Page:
• Live
    • Audio Only
  • Share on Google +
  • Share on Facebook
  • Share on twitter
  • Ecuadorean Vice President Jorge Glas

    Ecuadorean Vice President Jorge Glas | Photo: Vice Presidency of Ecuador

Ecuadorean Vice President Jorge Glas is among those accused of corruption by the Brazilian company.

Ecuador's Attorney General Office has formally accused 18 people of being linked to a corruption scheme involving the Brazilian construction company Odebrecht.

RELATED:
Ecuador's VP Glas Reiterates Innocence in Odebrecht Hearing

The accusations of criminal association have been presented to Ecuador's highest court, the National Justice Court.

Among those accused are Vice President Jorge Glas, his uncle Ricardo Rivera, who is being detained, and former Comptroller General Carlos Polit, who has fled the country.

Jose Conceicao Santos, Odebrecht's former director in Ecuador, alleged that his company paid US$32 million in bribes since 2007 to win infrastructure contracts in the country.

Glas is accused of allegedly being tied to two corruption cases involving the Brazilian company when he was in charge of the Coordinating Ministry of Strategic Sectors, accusations which he denies.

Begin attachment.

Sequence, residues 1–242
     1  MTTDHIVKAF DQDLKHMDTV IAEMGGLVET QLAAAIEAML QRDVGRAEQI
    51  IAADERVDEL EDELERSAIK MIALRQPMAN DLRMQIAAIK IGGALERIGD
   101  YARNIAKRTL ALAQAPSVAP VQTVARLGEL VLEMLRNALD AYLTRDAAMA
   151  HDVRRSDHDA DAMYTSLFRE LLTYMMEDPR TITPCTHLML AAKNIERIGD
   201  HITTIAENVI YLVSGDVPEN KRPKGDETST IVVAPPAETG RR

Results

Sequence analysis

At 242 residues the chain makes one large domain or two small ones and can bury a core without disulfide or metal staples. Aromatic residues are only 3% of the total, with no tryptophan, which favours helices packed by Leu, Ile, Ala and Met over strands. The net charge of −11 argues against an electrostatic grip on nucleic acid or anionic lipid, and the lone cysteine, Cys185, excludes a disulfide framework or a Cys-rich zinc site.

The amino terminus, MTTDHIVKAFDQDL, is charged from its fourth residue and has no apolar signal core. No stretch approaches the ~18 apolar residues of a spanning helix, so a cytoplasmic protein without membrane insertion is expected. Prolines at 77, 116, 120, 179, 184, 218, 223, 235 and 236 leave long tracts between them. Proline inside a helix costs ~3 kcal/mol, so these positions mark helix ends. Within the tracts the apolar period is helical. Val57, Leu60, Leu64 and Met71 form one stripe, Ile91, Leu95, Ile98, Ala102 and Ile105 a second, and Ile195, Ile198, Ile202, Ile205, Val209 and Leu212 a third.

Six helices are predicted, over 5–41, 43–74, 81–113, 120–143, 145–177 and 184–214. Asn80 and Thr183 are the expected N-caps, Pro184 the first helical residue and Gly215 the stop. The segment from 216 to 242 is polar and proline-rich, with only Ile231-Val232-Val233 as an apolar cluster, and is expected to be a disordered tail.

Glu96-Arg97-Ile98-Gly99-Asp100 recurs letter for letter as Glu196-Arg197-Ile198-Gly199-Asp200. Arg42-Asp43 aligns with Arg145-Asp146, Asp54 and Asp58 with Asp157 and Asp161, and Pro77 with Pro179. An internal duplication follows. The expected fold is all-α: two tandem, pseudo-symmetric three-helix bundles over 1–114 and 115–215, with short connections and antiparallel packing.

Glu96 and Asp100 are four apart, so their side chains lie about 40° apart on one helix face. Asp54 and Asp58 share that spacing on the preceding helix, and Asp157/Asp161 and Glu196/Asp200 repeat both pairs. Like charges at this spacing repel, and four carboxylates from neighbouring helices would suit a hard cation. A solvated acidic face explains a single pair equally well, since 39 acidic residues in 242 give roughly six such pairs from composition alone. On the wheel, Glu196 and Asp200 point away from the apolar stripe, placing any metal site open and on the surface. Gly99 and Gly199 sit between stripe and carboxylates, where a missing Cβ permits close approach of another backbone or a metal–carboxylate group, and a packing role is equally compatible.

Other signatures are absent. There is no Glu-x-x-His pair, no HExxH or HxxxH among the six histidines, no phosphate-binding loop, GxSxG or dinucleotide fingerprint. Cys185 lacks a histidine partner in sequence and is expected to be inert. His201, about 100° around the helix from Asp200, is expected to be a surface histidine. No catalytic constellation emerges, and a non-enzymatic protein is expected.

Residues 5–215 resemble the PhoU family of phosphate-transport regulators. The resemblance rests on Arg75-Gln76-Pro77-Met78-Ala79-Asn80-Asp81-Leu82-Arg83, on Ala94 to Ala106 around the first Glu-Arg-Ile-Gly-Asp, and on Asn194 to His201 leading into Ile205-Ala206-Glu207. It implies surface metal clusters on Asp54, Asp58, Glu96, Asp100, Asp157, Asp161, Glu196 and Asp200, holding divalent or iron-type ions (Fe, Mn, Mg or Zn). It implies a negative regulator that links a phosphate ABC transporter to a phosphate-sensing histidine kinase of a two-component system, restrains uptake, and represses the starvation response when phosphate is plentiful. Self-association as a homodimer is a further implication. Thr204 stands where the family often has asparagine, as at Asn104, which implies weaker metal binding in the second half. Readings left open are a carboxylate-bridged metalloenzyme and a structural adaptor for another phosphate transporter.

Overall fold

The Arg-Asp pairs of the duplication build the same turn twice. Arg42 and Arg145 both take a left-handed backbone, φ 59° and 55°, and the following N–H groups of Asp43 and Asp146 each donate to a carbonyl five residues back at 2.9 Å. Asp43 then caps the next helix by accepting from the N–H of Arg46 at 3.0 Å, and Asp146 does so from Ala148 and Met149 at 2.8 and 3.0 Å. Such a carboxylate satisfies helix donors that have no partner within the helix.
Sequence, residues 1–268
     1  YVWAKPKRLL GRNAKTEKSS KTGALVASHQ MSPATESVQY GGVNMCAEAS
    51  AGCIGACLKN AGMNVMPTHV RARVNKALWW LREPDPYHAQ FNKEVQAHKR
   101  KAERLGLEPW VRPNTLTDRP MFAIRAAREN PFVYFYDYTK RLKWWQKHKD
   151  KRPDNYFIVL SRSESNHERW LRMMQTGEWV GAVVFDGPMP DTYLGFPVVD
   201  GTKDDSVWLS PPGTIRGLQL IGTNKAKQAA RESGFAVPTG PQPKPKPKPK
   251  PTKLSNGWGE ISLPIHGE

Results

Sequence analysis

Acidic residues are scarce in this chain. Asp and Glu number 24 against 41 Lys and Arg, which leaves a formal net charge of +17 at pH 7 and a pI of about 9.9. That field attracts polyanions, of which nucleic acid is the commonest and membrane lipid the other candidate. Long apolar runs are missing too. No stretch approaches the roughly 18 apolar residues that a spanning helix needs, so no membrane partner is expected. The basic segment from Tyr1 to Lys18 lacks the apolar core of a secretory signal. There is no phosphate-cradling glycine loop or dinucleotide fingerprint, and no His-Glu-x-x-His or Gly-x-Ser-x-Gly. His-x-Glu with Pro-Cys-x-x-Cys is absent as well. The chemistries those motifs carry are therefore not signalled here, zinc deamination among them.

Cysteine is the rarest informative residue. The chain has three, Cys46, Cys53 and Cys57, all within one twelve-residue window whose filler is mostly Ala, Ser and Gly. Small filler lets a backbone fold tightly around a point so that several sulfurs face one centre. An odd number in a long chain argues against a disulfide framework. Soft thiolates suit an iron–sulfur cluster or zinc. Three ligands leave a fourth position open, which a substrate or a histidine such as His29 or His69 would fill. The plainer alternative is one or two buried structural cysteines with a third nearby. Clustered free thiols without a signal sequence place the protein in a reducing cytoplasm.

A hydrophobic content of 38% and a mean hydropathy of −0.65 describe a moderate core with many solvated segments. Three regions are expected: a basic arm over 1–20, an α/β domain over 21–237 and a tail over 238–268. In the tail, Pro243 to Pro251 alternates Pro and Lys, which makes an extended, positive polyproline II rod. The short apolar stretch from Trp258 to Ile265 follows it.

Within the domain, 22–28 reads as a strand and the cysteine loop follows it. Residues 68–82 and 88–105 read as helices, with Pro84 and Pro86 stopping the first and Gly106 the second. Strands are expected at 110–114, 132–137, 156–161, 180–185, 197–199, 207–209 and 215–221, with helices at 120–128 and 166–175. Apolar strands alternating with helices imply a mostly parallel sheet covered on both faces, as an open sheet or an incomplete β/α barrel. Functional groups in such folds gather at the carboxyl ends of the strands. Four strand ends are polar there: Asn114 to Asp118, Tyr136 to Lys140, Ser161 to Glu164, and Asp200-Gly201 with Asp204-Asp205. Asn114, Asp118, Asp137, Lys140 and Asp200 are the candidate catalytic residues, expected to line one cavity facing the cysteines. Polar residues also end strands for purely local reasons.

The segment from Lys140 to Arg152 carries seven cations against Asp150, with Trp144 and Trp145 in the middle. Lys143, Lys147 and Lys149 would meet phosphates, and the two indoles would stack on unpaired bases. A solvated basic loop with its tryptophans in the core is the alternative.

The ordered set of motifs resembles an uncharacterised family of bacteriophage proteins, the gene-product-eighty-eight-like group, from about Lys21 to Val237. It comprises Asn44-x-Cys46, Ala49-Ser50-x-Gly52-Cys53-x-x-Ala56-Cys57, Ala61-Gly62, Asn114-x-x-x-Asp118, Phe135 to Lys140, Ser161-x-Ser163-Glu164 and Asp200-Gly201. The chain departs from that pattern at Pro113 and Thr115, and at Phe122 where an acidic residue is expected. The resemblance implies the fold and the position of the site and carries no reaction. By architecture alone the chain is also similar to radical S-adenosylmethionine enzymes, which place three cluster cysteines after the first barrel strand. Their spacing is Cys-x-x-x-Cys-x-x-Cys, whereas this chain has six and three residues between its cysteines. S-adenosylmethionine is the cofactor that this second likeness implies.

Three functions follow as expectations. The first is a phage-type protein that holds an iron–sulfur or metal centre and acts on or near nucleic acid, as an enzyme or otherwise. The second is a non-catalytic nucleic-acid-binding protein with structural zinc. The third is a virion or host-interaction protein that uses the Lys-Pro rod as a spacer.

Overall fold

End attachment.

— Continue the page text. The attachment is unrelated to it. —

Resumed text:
He accused Santos of being a "confessed corrupt" and "immoral" person.

"There is no single proof against me and they won't find it because I haven't done anything illegal," Glas said during a press conference in Quito.

The vice president said the accusations come after his administration expelled Odebrecht from Ecuador due to irregularities, which the company later fixed, allowing it to return to the country.

RELATED:
Ecuador's Glas: 'I Am Not Part of the Government, I Am Vice President of the People'

He said the state canceled US$700 million in unfinished contracts, US$200 million in contracts that were not signed and US$100 million in debts that the state wouldn't pay until Odebrecht fixed the problems.

"He has more than a billion reasons to hate me," Glas said.

Glas was stripped of his duties by decree from President Lenin Moreno, who stopped short of firing him earlier this month. The vice president called the move "a clear retaliation" for criticizing Moreno's policies. Moreno said he felt "sorry" that Glas had alleged connections to corruption cases.

"I prefer to go to jail being innocent, than to flee like a coward," Glas said.

|

Comment
0
Comments
Post with no comments.